U.S. stocks climbed on Thursday, recovering much of the prior day's losses, as reports on U.S. leading indicators and regional manufacturing spurred optimism the nation's economy would strengthen after first-quarter weakness, helping offset concerns that interest rates could climb quicker than had been anticipated.
"We're getting back what we lost, now that people have had a chance to reflect; The Fed is in no hurry to normalize the Fed funds rate. That exercise is going to be very deliberate and glacial, and the market is perhaps settling into that recognition," said Mark Luschini, chief investment strategist at Janney Montgomery Scott.
Wall Street declined on Wednesday, halting a two-day climb that had the not far from its record close, after Federal Reserve Chair Janet Yellen said that the "considerable period" between the end of the central bank's quantitative-easing program and its first rate hike could be six months.
"Everyone is concerned about the timing of when the Fed raises short-term rates, but it's for a good reason. The reality is the Fed has a fairly bullish view of the jobs market, and maybe the market is digesting that," said Nick Raich, CEO at the Earnings Scout.
Data released Thursday had the count of Americans filing for jobless benefits rising by 5,000 to 320,000 last week, less than the 325,000 estimated by economists polled by Reuters. The four-week moving average for new claims, viewed as a better gauge overall of labor conditions, dropped 3,500 to 327,000, the lowest since November.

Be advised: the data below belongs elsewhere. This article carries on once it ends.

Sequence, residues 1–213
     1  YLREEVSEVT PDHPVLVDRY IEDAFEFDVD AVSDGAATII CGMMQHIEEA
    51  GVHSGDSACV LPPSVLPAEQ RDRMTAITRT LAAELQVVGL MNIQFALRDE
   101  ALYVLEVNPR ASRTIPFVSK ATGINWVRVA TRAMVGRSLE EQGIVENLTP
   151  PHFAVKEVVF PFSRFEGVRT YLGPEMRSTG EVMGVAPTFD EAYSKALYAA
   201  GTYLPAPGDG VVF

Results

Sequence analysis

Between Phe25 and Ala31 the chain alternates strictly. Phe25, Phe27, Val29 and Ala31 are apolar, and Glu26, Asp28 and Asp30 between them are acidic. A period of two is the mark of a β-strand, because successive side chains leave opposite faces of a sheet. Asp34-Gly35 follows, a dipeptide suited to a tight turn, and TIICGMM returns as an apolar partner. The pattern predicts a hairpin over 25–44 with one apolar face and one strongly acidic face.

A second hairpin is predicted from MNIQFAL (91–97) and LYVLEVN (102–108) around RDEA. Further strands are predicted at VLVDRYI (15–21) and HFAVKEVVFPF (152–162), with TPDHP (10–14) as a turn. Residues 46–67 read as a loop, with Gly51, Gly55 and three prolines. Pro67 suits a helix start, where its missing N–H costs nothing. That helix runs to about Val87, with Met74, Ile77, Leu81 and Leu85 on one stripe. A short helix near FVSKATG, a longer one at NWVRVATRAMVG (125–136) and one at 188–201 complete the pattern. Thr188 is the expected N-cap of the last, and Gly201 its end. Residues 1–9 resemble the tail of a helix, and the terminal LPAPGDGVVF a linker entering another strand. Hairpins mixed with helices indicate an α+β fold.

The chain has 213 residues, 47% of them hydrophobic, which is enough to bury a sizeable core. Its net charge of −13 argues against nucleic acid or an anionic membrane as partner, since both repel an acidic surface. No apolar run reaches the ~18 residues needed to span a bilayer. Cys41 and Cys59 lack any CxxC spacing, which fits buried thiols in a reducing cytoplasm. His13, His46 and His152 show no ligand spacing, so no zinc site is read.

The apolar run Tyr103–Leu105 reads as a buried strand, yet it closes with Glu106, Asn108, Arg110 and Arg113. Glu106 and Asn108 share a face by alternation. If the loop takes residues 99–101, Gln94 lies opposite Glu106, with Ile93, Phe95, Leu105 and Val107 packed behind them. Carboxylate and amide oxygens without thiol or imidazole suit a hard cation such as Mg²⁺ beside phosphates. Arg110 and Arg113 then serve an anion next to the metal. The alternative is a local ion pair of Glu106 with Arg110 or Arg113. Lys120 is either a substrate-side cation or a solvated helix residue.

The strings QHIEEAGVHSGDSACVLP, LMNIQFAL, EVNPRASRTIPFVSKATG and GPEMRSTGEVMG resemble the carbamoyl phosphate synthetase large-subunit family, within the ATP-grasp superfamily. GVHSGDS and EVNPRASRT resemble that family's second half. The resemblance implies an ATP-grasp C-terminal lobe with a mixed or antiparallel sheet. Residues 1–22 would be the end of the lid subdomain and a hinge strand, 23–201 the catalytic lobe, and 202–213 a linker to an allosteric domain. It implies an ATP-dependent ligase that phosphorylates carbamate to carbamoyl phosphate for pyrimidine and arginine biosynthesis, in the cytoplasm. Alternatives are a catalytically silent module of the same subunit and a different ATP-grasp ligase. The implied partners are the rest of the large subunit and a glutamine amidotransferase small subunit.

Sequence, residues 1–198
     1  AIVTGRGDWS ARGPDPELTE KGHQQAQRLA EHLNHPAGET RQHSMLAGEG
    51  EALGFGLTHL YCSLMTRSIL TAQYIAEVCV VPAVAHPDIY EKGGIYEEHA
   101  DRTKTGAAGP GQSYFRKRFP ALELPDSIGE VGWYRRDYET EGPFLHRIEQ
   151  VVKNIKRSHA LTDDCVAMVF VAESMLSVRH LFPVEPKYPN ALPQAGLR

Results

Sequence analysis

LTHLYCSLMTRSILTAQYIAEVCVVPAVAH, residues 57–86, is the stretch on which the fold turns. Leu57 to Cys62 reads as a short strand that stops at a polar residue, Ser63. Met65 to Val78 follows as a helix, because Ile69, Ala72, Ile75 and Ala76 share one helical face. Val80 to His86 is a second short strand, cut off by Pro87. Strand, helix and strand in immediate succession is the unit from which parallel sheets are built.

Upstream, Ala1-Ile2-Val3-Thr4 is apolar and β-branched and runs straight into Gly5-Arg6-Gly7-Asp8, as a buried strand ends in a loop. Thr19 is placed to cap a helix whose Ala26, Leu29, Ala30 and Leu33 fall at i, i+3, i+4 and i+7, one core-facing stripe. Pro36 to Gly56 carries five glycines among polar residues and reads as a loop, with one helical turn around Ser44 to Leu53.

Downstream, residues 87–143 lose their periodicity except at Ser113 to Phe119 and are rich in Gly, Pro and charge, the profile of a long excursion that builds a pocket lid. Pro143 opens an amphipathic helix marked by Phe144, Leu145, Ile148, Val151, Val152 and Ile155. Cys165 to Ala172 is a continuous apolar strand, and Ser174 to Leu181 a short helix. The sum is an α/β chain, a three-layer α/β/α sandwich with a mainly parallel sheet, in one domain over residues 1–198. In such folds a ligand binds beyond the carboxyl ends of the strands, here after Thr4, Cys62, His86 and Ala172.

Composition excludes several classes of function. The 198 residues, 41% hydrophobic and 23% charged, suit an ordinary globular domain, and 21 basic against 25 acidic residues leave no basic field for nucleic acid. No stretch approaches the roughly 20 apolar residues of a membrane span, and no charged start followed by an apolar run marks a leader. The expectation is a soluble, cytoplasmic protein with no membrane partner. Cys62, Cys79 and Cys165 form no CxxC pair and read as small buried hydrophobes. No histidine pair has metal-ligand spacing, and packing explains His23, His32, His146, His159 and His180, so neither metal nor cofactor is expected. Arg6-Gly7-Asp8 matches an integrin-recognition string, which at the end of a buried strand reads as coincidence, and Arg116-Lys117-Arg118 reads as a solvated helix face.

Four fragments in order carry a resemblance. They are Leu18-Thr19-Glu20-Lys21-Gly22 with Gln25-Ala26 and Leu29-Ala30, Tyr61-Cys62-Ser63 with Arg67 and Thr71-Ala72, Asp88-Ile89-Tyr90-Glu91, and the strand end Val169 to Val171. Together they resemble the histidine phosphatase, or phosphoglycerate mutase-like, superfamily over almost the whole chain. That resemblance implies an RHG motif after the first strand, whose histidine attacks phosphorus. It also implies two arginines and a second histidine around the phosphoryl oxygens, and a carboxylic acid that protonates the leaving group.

"I'm anticipating a slow and steady improvement in unemployment figures, and the other reports are supportive of a slow-growth economy," said Paul Nolte, a senior vice president and portfolio manager at Kingsview Asset Management.
Other reports had existing-home sales for February falling to 4.60 million compared to a 4.66 million estimate. Leading indicators rose 0.5 percent in February, versus estimates of a 0.4 percent rise, and the Philadelphia Fed's manufacturing gauge climbed to 9.0 in March from negative 6.3 the previous month.
Clearing a 61-point drop, the Dow Jones Industrial Average rose as much as 131 points, and closed up 108.88 points, or 0.7 percent, at 16,331.05, with AT&T, JPMorgan Chase and Microsoft leading gains that included 25 of its 30 components.
The S&P 500 added 11.24 points, or 0.6 percent, to 1,872.01, with telecommunications and financials leading sector gains and health care the biggest laggard.
The Nasdaq gained 11.68 points, or 0.3 percent, to 4,319.29.
The CBOE Volatility Index (VIX), a measure of investor uncertainty, declined 4 percent to 14.52.
Decliners remained just ahead of advancers on the New York Stock Exchange, where nearly 633 million shares were exchanged. Composite volume surpassed 3.3 billion.
The advance-decline ratio "is depressed today by the selling in many interest-rate sensitive sectors," Elliot Spar, market strategist at Stifel, Nicolaus, noted in afternoon commentary.
The 10-year Treasury yield used in figuring mortgage rates and other consumer loans held at 2.776 percent.
—By CNBC's Kate Gibson
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